Converting the blog to videos because they’re a bit easier to fit into my schedule. I’m hoping to bring back Snark Watch that way since I can film a quick 5 minute video and not worry so much about typos, lol.
Originally Posted January 23, 2018
This is something I’ve been thinking about a lot over the last few months, and particularly the last few weeks as criticism of General Hospital’s casting methods has been highlighted.
In case you live under a rock on #soaptwitter, beloved icon of daytime, Genie Francis was unceremoniously dumped off contract and basically forced out, igniting the rage of pretty much everyone. Love or hate her, Laura was in the middle of an intense front burner storyline and running for mayor with her history as her platform. To lose her in the middle of this story without warning was simply stunning. At the same time, new characters have been introduced with either questionable acting skills or little purpose in the story (Peter August and who ever the hell Greg Evigan is playing, I haven’t paid enough attention to care about his name).
Look, writing for soaps is hard, y’all, and I’m the first person to admit it. It’s easy to throw stones from our couches, but under the best of circumstances, juggling a huge canvas is ridiculous hard and it’s clear that many of these new characters are top-down decisions. I don’t see the writers going to management and saying hey we’re writing this story, we need someone — it’s clearly “Here’s someone. Fit him in.”
Originally posted January 21, 2018.
If you know me in real life, the first thing you usually learn about me is I am obsessed with history. I study it in graduate school, I’m pursuing it as my teaching certification, and historical fiction and nonfiction are my favorite genres.
I can actually pinpoint the moment that I fell in love with history. It was July or August 1992, and I had just turned eight years old. I was at my grandmother’s house, and my uncle popped in a VHS of North and South. Not the amazing BBC production, but the fantastic 1980s miniseries with Patrick Swayze, James Read, Robert Mitchum…and Genie Francis.
Originally posted December 17, 2017.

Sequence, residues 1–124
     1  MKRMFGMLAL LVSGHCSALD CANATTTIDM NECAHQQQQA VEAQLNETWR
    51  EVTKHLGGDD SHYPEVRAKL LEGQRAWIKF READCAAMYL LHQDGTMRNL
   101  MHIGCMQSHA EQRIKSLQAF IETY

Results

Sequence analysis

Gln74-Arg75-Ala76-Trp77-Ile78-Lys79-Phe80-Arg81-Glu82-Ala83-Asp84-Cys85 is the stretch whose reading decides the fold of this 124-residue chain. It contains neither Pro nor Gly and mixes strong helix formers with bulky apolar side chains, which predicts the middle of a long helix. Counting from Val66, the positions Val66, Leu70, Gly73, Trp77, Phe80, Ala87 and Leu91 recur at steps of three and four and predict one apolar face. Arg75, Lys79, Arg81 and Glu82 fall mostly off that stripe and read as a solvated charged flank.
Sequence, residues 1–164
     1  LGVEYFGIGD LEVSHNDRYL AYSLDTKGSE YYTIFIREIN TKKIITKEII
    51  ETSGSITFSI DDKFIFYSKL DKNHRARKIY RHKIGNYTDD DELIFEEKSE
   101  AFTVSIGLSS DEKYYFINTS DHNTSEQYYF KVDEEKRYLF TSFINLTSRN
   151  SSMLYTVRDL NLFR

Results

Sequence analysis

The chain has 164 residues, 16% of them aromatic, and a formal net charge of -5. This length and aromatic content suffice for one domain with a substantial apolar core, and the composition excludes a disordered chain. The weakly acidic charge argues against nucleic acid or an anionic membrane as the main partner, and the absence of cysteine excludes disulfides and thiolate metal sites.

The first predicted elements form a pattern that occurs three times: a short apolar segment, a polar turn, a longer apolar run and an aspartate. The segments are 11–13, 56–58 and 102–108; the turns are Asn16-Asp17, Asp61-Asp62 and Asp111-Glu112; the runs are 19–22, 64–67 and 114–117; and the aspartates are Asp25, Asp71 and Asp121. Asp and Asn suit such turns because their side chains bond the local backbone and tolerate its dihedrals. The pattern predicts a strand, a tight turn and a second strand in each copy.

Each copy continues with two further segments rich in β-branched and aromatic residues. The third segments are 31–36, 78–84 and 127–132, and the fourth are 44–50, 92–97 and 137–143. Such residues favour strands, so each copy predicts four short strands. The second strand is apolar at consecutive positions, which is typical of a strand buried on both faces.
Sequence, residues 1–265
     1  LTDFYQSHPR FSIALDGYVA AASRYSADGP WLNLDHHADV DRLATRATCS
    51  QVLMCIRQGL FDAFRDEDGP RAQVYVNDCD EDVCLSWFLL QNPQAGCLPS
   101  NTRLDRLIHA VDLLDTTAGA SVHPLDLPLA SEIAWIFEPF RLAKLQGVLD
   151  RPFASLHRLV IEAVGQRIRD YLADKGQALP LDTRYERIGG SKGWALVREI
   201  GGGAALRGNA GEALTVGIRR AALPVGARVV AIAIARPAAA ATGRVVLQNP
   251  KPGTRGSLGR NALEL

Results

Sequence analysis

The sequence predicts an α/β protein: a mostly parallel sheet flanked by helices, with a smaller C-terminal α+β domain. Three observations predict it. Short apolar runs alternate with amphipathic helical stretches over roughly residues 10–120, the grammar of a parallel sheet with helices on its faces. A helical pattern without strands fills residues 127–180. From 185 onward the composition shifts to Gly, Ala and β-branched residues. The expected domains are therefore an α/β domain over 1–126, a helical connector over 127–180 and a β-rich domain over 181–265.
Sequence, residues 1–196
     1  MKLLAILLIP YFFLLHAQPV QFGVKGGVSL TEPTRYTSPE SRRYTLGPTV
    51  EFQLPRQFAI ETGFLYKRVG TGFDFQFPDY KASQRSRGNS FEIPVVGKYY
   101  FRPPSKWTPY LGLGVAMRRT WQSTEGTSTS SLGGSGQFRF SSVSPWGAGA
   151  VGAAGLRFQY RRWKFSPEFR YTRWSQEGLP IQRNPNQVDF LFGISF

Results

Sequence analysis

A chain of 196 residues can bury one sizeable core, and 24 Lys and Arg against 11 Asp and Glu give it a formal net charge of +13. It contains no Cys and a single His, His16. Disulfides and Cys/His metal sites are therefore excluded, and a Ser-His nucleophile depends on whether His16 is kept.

Note: If you like Franco and don’t enjoy hearing criticism of his character, you’re gonna wanna turn away. I’m not in the mood on this subject. We can debate his redemption story all you want, but I just can’t anymore with this sexual assault crap.
The other day, General Hospital’s Twitter feed asked if Franco deserves Elizabeth’s love. I responded that no, he didn’t. He’s a sexual predator and I’ll never buy the tumor storyline.
I get it. The show wrote him a redemption storyline that worked for a lot of people. Good. That’s how fiction works. Something works for you. Doesn’t work for everyone. And for a lot of us, there was no redemption that could be written to make the Elizabeth and Franco pairing palatable. We don’t have to debate that. My reasons are my reasons, and I’m allowed to have them.
What absolutely drives me crazy is the response to the statement that Franco is a sexual predator, because it’s often a variation on the same theme. The “Yes, But Your Boy Did This” Defense. It exists in real life, and we’re seeing constantly to deflect from sexual misconduct accusations.
Originally posted December 5, 2017.
Born in the mid 1980s, I have a handful of early television memories. I remember wearing out the VHS tape watching Bambi, begging to rent Lady Lovely Locks from the indie video store my aunt worked at, and Katherine Bell being poisoned on General Hospital some time in 1993. According to my mother who started watching in the heyday of Luke & Laura in 1979, I’ve been watching General Hospital since I was in the womb.
General Hospital is a member of my family. I love this show because it’s been in my life since birth. It’s part of my family tradition. We also have fights and long estrangements, and I often disapprove of the hella poor life choices my family member makes, but you don’t get to pick your family. That’s the magic of soap operas and why the medium refuses to die out. It’s why fans who love the show bitch about it and still watch.
I already had a decent history with General Hospital by the time Rebecca Herbst showed up as spunky spitfire Elizabeth Imogene Webber on August 1, 1997 when I was fourteen years old. I had watched Audrey get brain surgery earlier that summer when Port Charles premiered and had rolled my eyes as Sarah Webber came to town, and for some reason, Lucky Spencer and Nikolas Cassadine feuded over her.
Elizabeth was a troublemaker who never took any shit from anyone. She went after what she wanted. Lied, manipulated people, and even cheated to make people look at her and not her perfect sister. She wanted Lucky and went after him.
I loved Elizabeth Webber from the second she came on screen.